Meanwhile, Shalhoub resurfaced on stage, starring in three one-act plays by David Mamet at the American Repertory Theatre in Cambridge, MA, in 1997 and appearing with John Turturro in 1998’s Off-Broadway play “Waiting for Godot.” He returned to series TV in the sitcom “Stark Raving Mad” (1999-2000), playing the barren horror author Ian Stark who plays gruesome jokes on his bothered young editor. His performance, unfortunately, was moderately responded by audiences and critics.
After TV movie The Heart Department (2001), Shalhoub returned to films with supporting roles in Robert Rodriguez’s family-adventure Spy Kids (2001, starred Antonio Banderas), the Coen brothers’ The Man Who Wasn’t There (2001), where he memorably played the slick, big-city attorney Freddy Riedenschneider and received a Chicago Film Critics Association, an AFI and an Online Film Critics Society nominations for Best Supporting Actor, and the sci-fi film Impostor (2002), starring Gary Sinise. He starred as a man who takes over a haunted house in the horror/thriller 13 Ghosts (2001).
In 2002, Shalhoub made his first venture into directing film with the comedy/drama Made Up, in which he also acted with his actress-wife Brooke Adams. The film brought the director a Northampton Film Festival for Best of the Fest and a SXSW Film Festival for Narrative First Film, as well as a Taos Talking Picture Festival nomination.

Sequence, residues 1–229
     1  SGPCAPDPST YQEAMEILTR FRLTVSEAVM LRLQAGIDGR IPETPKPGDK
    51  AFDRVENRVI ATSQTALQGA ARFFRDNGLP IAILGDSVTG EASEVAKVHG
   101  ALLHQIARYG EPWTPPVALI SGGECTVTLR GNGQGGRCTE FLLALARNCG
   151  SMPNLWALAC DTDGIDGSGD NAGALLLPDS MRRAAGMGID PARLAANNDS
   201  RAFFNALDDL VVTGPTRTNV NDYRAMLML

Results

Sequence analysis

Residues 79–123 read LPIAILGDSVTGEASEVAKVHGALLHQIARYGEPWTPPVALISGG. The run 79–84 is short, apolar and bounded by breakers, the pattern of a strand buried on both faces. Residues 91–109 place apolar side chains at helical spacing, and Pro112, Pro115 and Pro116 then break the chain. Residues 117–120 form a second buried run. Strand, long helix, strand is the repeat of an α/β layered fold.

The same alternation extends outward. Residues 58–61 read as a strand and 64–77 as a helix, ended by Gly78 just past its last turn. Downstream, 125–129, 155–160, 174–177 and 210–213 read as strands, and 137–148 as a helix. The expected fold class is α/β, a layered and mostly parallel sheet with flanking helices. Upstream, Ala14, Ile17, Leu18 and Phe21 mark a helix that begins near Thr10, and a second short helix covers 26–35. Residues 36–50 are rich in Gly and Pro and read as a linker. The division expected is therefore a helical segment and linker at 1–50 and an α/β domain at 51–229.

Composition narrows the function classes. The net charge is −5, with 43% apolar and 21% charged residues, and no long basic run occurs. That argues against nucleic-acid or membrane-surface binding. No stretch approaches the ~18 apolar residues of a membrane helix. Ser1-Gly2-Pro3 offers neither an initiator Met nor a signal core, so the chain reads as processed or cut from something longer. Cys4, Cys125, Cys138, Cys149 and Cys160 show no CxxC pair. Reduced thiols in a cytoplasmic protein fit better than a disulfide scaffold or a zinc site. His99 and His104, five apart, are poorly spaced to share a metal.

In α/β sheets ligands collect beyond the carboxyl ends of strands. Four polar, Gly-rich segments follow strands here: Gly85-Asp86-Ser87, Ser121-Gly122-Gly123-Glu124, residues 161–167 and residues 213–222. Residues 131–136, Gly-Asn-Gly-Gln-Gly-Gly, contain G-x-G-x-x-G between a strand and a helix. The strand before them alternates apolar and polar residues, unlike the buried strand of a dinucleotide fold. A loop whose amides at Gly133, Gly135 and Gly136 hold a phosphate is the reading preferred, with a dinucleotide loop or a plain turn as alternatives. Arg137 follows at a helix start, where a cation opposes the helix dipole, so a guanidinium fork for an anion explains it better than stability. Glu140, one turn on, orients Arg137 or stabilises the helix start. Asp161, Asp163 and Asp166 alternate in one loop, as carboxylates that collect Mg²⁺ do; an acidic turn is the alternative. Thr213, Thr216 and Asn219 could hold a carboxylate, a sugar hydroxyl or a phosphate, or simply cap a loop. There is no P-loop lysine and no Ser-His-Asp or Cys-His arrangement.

The same year, Shalhoub also landed the starring role of Adrian Monk, a role that would soon to be his signature in the ABC series “Monk.” Delivering spectacular performance as an ex-San Francisco cop detective who suffers from a severe case of obsessive-compulsive chaos and various phobias after his wife’s murder but retains a luminous crime-solver, Shalhoub was nominated for the Emmy Award for Outstanding Lead Actor in a Comedy Series four times consecutively from 2003-2006, and took home the trophy three times in 2003, 2005, and 2006. Additionally, he was handed a Golden Globe for Best Actor in a Comedy Series in 2003, and two SAG for Outstanding Performance by a Male Actor in a Comedy Series in 2004 and 2005.
Shalhoub also appeared in Life or Something Like It (2002), T for Terrorist (2003), Party Animals (2003) and Something More (2003). He reprised his role of Jack Jeebs for the sequel Men in Black II (2002) and returned as Alexander Minion in the installments Spy Kids 2: Island of Lost Dreams (2002) and Spy Kids 3-D: Game Over (2003). In 2004, Shaloub gave powerful supporting portrayals in Against the Ropes, with Meg Ryan, the Hollywood crime comedy The Last Shot, opposite Matthew Broderick and Alec Baldwin. The next year he appeared with Maggie Gyllenhaal in The Great New Wonderful.
Recently, voicing Luigi in the Pixar film Cars (2006), Shalhoub is set to play roles in the forthcoming The Adventures of Beatle Boyin (2006), Careless (2007), American East (2007) and Blind Date (2007).